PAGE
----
Tell us about your interest in blogging.

(On her blog The Dancing Lawyer, she vociferously celebrates the interplay of passion and profession, especially in the segment “The Other U”.)

Blogging in general started off as a hobby and I try to keep up with my blog now and then with various things that interest and inspire me. In the process of keeping up with my work and dance, I have always admired and been inspired by people who balance their passion, profession and personal commitments. So, the category “The Other U” is recognising and celebrating such people, and in a way showing people that this can be done.


Can you tell us about your role at Amazon?

When I was in law school, I was academically inclined towards contract law. When I joined Infosys after law school, I had an opportunity to work on rotation with the corporate team and commercial contracts team. Later I ended up in the commercial contracts team and I thoroughly enjoyed working on contracts and slowly that became my area of specialisation. At Amazon, as Associate Contracts Manager, I work on different contracts supporting Sales and Display Ad Services group of Amazon. It has been great so far working in a new industry and a new working environment.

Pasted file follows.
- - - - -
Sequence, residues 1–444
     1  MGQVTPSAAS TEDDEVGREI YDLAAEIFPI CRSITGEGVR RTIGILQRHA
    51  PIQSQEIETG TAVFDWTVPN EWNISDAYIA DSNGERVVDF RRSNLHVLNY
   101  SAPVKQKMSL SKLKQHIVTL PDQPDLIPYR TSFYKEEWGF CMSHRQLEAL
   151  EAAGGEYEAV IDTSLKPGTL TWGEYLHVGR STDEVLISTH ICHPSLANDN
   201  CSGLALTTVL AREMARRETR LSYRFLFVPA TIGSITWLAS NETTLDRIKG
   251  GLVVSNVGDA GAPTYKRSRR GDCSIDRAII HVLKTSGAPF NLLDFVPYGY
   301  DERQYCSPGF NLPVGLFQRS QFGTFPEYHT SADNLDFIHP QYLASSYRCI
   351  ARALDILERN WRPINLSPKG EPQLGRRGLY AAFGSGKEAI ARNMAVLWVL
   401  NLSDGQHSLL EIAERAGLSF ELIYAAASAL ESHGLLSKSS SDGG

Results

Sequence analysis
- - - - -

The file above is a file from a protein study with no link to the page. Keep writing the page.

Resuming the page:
Talk to us a little about your internships.

I had four summer internships during my graduation, one every summer for the first four years. Winter breaks were strictly for fun. I used internship opportunities to explore the different avenues I may want to get into when I am looking for a job. I worked with an NGO and political party (Lok Satta), in-house legal team (Dr. Reddy Laboratories), a big law firm (Dua Associates) and a boutique law firm (Krishna & Saurastri). I chose all my internships in Hyderabad and Bangalore as I knew I wanted to live in one of those cities and they were close to home. With these internship experiences, my choice was clear and easy at the end of fourth year. I was sure I wanted to work in-house and started applying for jobs in that direction.


How was the experience of studying in University of Pennsylvania Law School?